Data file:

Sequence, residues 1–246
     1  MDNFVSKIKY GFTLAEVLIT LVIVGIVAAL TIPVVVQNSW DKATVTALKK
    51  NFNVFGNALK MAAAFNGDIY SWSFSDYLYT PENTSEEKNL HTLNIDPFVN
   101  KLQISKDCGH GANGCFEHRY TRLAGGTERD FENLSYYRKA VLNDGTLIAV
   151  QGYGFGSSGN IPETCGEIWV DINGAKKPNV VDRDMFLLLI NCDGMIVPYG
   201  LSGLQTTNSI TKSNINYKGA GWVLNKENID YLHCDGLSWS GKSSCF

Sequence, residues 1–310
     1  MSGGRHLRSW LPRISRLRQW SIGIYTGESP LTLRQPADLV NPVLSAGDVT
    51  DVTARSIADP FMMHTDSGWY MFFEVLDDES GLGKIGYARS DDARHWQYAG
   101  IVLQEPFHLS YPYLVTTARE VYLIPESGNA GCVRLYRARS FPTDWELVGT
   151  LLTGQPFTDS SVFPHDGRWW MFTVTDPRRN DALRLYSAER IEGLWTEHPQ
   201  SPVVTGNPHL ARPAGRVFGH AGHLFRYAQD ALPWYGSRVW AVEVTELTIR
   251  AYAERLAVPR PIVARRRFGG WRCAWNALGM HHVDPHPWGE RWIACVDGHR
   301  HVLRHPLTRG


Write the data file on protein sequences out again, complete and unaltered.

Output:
Sequence, residues 1–246
     1  MDNFVSKIKY GFTLAEVLIT LVIVGIVAAL TIPVVVQNSW DKATVTALKK
    51  NFNVFGNALK MAAAFNGDIY SWSFSDYLYT PENTSEEKNL HTLNIDPFVN
   101  KLQISKDCGH GANGCFEHRY TRLAGGTERD FENLSYYRKA VLNDGTLIAV
   151  QGYGFGSSGN IPETCGEIWV DINGAKKPNV VDRDMFLLLI NCDGMIVPYG
   201  LSGLQTTNSI TKSNINYKGA GWVLNKENID YLHCDGLSWS GKSSCF

Sequence, residues 1–310
     1  MSGGRHLRSW LPRISRLRQW SIGIYTGESP LTLRQPADLV NPVLSAGDVT
    51  DVTARSIADP FMMHTDSGWY MFFEVLDDES GLGKIGYARS DDARHWQYAG
   101  IVLQEPFHLS YPYLVTTARE VYLIPESGNA GCVRLYRARS FPTDWELVGT
   151  LLTGQPFTDS SVFPHDGRWW MFTVTDPRRN DALRLYSAER IEGLWTEHPQ
   201  SPVVTGNPHL ARPAGRVFGH AGHLFRYAQD ALPWYGSRVW AVEVTELTIR
   251  AYAERLAVPR PIVARRRFGG WRCAWNALGM HHVDPHPWGE RWIACVDGHR
   301  HVLRHPLTRG